Some of the terminology you hear about cleaning coins

When I first started to collect coins, I found several articles talking about cleaning coins.  I found out that there was a special vocabulary when it comes to this area.  Here’s some of the words that you will run across quite a bit:

Slider—this is a term meaning the coin simulates a higher grade than it really is. Often, a slider has been cleaned, treated, or whizzed to give it the appearance of being uncirculated or even Mint State.  This type of coin is worth less than the coin that has not been cleaned.

Whizzed—this is a coin that has been buffed or polished to give it the appearance of the luster found on a mint coin.  More often than not, whizzing is done on a slightly lower-grade coin to try to sell the coin at a higher grade than it really is.  This is sometimes done by using a fine brush attachment on a high-speed drill.  Doing this may hurt the value of a coin rather than help it.  This is because it causes wear to the surface of the coin.  See buffing.

Brushed—this is a coin that has been brushed with a wire brush or some other material.  The surface will show fine lines, or hairline scratches from the cleaning.

Buffing—this is a polishing of a coin with an abrasive that leaves a finish that attempts to counterfeit mint luster.  See whizzed.

Artificial toning—this is when you change the color or surface tone of a coin by applying chemicals, heat, or treating a coin with something.  This is done to make the coin appear natural or unusual.  It’s also done to cover up signs that the coin has been cleaned.

This is just a small list of what you will run across when it deals with cleaned coins.  What have you heard?


What are the different types of auctions that you might run across?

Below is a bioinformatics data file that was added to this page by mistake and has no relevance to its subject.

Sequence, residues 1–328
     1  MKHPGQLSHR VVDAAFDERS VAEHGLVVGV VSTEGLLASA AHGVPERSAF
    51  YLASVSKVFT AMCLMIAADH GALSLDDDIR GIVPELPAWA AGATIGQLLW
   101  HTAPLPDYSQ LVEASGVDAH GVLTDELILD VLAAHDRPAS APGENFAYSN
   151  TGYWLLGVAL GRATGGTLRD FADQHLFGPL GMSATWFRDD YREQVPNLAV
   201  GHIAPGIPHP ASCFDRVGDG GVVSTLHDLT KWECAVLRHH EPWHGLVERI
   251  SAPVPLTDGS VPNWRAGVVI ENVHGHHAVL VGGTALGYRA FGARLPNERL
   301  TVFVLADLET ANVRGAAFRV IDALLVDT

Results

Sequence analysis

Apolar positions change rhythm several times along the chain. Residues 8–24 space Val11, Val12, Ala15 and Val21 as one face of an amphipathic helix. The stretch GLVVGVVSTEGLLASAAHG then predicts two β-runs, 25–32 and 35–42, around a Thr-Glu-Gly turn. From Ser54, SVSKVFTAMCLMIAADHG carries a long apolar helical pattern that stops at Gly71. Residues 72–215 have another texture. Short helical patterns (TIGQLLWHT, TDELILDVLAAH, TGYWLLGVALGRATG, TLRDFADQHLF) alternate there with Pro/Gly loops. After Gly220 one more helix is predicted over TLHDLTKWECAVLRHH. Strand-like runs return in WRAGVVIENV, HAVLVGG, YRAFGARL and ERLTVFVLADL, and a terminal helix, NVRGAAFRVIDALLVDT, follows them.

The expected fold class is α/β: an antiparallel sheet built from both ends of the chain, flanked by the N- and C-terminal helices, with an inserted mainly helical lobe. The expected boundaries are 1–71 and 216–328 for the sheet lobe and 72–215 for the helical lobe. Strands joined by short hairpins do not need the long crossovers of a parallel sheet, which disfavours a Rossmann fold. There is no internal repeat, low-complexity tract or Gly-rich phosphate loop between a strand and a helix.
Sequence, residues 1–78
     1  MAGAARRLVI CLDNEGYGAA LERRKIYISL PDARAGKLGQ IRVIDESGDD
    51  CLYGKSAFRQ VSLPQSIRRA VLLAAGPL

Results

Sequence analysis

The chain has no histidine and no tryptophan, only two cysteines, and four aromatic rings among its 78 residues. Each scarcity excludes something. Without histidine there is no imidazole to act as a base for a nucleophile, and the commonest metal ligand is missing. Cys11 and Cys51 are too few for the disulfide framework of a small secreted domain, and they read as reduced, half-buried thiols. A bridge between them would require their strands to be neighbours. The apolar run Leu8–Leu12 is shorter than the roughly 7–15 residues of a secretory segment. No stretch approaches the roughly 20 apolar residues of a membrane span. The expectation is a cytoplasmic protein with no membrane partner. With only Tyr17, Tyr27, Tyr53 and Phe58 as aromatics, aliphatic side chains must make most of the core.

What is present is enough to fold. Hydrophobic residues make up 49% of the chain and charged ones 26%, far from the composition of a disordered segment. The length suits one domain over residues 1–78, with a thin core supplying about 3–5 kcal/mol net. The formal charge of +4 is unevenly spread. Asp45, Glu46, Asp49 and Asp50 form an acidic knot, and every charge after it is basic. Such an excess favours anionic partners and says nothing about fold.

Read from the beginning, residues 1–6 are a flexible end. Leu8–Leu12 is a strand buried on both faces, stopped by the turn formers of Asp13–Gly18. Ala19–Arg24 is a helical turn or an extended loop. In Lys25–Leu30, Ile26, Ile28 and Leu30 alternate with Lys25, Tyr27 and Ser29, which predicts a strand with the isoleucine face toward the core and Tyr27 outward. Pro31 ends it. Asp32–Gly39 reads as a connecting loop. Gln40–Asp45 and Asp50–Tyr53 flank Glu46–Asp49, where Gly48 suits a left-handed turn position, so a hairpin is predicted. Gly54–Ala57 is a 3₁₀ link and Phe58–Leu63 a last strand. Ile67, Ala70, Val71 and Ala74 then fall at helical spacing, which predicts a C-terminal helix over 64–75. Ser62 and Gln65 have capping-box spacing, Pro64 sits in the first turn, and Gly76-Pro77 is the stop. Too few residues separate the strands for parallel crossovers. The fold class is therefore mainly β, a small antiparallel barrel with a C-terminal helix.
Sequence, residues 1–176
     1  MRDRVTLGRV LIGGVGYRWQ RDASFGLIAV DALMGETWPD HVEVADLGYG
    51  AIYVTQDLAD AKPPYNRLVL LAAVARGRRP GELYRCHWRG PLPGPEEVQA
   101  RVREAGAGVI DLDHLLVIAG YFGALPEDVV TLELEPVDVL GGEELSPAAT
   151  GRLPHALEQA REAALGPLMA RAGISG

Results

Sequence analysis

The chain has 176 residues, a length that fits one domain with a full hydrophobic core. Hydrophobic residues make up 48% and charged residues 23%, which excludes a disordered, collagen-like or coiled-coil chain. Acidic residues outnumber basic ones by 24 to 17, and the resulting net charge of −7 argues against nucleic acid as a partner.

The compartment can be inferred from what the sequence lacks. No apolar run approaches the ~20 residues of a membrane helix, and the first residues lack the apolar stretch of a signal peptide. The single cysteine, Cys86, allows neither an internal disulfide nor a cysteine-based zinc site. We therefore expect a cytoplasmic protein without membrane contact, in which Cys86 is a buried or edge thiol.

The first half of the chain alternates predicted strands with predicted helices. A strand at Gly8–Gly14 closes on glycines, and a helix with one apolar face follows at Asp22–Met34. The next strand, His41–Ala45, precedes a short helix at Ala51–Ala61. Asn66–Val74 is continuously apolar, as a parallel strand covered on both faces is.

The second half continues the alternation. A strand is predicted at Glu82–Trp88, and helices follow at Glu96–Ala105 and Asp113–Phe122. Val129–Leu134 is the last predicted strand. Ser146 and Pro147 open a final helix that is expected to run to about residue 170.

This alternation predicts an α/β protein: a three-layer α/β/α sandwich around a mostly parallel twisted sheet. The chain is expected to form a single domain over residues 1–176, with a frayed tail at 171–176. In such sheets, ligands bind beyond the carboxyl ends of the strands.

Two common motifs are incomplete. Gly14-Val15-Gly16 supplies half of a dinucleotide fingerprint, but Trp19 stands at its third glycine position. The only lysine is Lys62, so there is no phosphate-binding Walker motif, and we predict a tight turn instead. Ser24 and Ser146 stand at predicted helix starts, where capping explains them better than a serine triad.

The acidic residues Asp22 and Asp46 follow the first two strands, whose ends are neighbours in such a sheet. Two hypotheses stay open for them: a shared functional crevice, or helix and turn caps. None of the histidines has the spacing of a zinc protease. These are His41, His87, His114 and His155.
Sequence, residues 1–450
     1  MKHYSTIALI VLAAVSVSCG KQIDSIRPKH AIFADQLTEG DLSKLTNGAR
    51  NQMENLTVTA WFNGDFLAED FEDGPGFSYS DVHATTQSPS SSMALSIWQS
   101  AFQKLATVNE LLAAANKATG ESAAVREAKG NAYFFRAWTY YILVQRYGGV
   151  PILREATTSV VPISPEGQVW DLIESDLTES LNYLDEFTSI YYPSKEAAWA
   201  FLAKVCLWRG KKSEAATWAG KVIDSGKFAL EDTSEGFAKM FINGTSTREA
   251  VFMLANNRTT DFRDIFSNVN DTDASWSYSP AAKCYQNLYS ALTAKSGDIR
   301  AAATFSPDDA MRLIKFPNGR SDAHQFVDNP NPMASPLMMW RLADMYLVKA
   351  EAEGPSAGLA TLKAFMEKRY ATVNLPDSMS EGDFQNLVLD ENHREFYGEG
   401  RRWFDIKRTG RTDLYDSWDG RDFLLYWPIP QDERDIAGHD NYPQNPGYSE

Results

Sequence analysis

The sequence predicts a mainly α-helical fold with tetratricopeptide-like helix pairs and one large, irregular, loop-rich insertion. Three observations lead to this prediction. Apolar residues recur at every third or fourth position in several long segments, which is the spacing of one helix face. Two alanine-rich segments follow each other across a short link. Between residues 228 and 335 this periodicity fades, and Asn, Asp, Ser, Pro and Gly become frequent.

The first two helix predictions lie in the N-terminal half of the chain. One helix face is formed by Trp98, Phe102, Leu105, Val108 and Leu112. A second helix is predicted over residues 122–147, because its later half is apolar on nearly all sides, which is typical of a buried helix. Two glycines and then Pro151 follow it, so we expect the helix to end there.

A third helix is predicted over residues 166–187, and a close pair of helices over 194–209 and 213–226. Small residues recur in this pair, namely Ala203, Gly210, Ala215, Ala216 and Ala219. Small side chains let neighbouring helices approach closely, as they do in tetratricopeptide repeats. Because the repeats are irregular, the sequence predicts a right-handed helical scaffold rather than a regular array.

Auctions have been around for many years now, and there are quite a few different types of them.  What are some of the different types of auctions that you might see?  Here’s a few of the more popular types that you’ll run across:

English Auction—this type of auction is arguably the most common form of auction that are used today.  People attending this type of auction bid openly against one another, and every new bid is required to be higher than the previous bid (this type of auction is also known as an open ascending price auction).  The English auction is commonly used for selling goods (most prominently antiques, art, real estate, etc.).

Dutch Auction—with this type of auction, the auctioneer begins with a high asking price for some quantity of items that are the same.  The price is lowered until a bidder is willing to accept the auctioneer’s price for some quantity of the goods in the lot (it doesn’t have to be all the items) or until the seller’s reserve price is met.  This type of auction has also been used for perishable items like fish and tobacco.

Sealed first-price auction—with this type of auction, all of the bidders that are participating will submit sealed bids at the same time.  This is so that no bidder knows the bid of anyone that’s there.  The bidder that submits the highest price will win the auction.

This is only some of the types of auctions that you will find.  What are some of the other types that you have seen?